Two subsets of blood monocytes with varying levels of CCR2 and CX3CR1 have been described (13). CCR2-CX3CR1+ monocytes have a longer half-life and mediate patrolling of monocytes in the vascular space under steady state. They may contribute to certain tissue macrophages, when needed. Conversely, the CCR2+CX3CR1- subset, with a short half-life, mediates rapid recruitment of monocytes into inflamed tissue (26). Although GBS is an organ/tissue specific autoimmune disorder, systemic inflammation has been seen in patients (27) and in experimental animals, e.g., EAN (28). Compared with healthy control, the number of monocytes is higher in GBS patients (29). An enhanced CCR2 expression has been observed in the blood of both GBS patients and EAN rats (8, 9, 12). Our investigation with L31 mice also depicted an increase of monocytes in blood, even before disease onset, this was further enhanced when mice became symptomatic. We observed that both CCR2+ and CX3CR1+ subsets were expanding in the blood of diseased L31 mice. Both CCR2 and CX3CR1 contributed to maintain this increased monocyte pool in L31 mice. By preventing monocyte egress from the bone marrow (30, 31), CCR2 deficiency led to an almost complete depletion of circulating monocytes in L31 mice. Confirming previous observation that CX3CR1 is crucial for the survival of blood monocytes (16), we found that although much less important, the number of monocytes in L31/CX3CR1KO mice was also significantly reduced, which could be attributed to an increase in cell death.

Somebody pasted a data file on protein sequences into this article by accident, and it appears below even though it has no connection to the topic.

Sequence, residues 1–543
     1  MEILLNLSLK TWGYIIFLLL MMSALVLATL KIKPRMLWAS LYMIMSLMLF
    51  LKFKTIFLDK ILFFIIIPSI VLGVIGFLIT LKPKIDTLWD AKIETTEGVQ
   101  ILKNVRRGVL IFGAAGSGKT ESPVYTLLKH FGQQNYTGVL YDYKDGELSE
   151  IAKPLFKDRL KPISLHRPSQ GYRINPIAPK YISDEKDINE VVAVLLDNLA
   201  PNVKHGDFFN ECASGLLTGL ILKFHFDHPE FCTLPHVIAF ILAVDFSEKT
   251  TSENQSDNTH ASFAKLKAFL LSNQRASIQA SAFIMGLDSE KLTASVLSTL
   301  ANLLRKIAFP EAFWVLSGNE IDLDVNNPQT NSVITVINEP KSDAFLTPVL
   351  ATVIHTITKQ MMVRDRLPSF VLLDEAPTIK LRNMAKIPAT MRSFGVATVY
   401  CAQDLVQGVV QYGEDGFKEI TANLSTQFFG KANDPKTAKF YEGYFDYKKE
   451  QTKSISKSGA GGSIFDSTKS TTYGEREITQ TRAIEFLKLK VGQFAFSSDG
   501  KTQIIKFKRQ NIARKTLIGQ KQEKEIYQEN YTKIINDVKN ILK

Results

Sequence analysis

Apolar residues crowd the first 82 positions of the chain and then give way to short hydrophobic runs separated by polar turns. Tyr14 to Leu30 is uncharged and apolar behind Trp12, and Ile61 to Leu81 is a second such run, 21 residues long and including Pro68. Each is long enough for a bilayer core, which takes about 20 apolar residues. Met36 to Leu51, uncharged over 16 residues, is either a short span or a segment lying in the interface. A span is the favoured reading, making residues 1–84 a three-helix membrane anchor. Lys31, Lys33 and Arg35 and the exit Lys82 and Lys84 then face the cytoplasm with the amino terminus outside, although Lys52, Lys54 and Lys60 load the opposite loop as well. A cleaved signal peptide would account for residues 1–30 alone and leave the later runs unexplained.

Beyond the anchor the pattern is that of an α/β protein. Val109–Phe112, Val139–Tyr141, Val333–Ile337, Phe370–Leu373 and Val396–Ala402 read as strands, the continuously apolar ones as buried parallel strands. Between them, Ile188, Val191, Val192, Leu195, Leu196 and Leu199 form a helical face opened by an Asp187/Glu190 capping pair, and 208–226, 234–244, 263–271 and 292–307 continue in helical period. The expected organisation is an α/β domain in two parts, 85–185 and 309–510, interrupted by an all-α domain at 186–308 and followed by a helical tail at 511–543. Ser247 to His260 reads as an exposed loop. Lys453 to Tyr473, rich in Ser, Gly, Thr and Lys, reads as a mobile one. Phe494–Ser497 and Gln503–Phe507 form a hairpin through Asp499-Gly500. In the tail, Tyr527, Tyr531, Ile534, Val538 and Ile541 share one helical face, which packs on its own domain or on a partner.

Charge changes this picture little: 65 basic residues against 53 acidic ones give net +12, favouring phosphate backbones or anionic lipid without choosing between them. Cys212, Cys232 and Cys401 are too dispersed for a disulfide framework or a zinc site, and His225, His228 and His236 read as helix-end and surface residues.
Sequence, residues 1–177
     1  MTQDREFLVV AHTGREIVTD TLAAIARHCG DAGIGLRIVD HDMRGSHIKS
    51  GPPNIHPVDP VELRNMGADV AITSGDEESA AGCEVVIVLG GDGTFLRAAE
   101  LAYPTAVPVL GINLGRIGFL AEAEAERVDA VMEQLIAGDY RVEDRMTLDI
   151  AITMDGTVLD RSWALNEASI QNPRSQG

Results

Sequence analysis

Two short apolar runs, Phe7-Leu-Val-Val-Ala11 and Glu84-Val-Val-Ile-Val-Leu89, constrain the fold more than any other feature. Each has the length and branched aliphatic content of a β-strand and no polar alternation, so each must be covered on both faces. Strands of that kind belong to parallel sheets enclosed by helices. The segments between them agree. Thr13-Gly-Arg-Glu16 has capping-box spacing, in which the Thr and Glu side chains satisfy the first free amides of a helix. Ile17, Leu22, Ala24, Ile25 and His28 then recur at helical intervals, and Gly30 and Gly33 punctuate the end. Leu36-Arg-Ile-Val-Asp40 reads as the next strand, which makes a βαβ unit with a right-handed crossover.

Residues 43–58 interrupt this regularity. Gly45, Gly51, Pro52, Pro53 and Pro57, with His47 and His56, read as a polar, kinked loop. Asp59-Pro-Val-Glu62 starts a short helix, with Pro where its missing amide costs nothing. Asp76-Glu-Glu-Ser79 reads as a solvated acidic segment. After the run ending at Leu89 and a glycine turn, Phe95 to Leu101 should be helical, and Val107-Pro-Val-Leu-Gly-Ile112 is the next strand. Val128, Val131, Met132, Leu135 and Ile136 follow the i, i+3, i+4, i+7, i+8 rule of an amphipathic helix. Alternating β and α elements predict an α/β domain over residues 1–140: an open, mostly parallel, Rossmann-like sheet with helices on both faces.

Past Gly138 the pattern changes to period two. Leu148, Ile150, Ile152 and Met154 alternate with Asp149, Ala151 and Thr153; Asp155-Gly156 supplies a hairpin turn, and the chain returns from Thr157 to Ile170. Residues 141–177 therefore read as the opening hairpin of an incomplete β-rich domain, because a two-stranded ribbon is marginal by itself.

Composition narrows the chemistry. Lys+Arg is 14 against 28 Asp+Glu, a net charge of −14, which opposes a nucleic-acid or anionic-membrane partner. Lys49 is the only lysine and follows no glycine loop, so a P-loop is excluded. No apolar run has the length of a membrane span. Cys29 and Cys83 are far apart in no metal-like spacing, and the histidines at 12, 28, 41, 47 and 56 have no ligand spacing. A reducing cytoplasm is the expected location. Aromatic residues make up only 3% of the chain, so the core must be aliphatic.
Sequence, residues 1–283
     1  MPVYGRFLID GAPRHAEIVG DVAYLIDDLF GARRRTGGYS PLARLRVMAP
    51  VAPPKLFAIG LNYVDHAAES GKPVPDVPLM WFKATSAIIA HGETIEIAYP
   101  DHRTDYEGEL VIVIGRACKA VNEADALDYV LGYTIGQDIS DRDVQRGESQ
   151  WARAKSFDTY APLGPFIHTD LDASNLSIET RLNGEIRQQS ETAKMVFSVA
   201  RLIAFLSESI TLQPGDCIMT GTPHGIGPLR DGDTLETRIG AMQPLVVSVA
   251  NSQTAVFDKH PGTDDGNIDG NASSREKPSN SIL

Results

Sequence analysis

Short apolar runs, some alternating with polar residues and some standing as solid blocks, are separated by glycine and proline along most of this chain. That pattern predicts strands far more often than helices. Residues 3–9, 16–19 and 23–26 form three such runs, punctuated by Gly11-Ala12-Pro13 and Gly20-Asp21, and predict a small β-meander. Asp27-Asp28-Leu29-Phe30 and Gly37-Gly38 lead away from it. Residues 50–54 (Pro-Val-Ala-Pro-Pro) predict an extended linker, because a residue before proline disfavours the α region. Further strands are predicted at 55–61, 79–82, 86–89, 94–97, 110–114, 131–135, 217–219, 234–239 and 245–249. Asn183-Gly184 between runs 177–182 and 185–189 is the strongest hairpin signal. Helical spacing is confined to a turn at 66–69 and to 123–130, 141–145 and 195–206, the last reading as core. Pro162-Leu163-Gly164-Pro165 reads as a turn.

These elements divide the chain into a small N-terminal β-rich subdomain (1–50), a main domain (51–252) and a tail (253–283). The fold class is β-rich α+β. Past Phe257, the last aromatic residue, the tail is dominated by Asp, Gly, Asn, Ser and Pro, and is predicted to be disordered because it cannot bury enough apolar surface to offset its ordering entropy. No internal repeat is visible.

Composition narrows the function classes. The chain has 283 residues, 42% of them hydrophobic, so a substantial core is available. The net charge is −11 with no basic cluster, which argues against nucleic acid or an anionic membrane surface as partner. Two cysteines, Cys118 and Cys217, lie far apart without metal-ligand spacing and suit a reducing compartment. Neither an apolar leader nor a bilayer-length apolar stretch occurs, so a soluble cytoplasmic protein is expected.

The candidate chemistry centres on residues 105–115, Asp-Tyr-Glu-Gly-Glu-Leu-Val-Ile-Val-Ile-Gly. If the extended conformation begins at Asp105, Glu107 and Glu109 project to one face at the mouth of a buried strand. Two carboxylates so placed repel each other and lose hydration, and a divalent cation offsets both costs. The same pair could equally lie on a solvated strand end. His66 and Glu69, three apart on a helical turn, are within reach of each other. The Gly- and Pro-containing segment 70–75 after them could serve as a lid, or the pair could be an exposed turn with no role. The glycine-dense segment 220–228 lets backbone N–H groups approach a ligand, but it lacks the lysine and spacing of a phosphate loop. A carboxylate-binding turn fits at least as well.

While CX3CR1 is widely distributed in myeloid cells, recent studies have implicated CX3CR1 expression on CD8+ T cell function. CX3CR1 defines three antigen-experienced CD8+ T cell subsets with distinct roles in immune surveillance and homeostasis. CX3CR1hi cells have been found overlapped with classically defined effector/memory CD8+ T (CD8+ TEM) cells (32), which are indeed, the majority of CD8+ T cells found in L31 mice, and they are critical effectors in disease. CX3CR1 expression also discriminates terminally differentiated cytotoxic effector cells, which are ready to infiltrate into inflamed tissues (33, 34). CX3CR1 signaling may aid CD8+ T cell survival by suppressing the transcription of the apoptotic molecule bmf (34). In L31 mice, CX3CR1 deficiency resulted in a decrease of CD8+ T cells, more specially CD44+CD43+ and CD44+CD62L- CD8+ T cells, in the blood. This could be attributed to the selective CX3CR1 expression on CD8+ TEM cells and the requirement of CX3CR1 on CD8+ T cell survival. Although CD8+ T cells can also express CCR2 (35), it appears that lacking CCR2 expression did not affect CD8+ T cell survival, the number of total CD8+ T cells, as well as CD8+ TEM in L31/CCR2KO mice were similar to that of L31 mice. We have previously reported that in L31 mice, CD8+ T cells are pathogenic, activated CD8+ T cells, more specifically effector/memory phenotype, are mandatory in developing APN (22, 36). We also reported that in L31 mice lacking CD4+ T cells, disease process is accelerated, mice experience demyelination and axonal loss, indicating an immunoregulatory role for CD4+ T cells in disease pathogenesis in L31 mice (21, 37). Decreasing circulating CD8+ TEM cells could be one of the major underlying mechanisms that CX3CR1 deficiency prevents APN in L31 mice.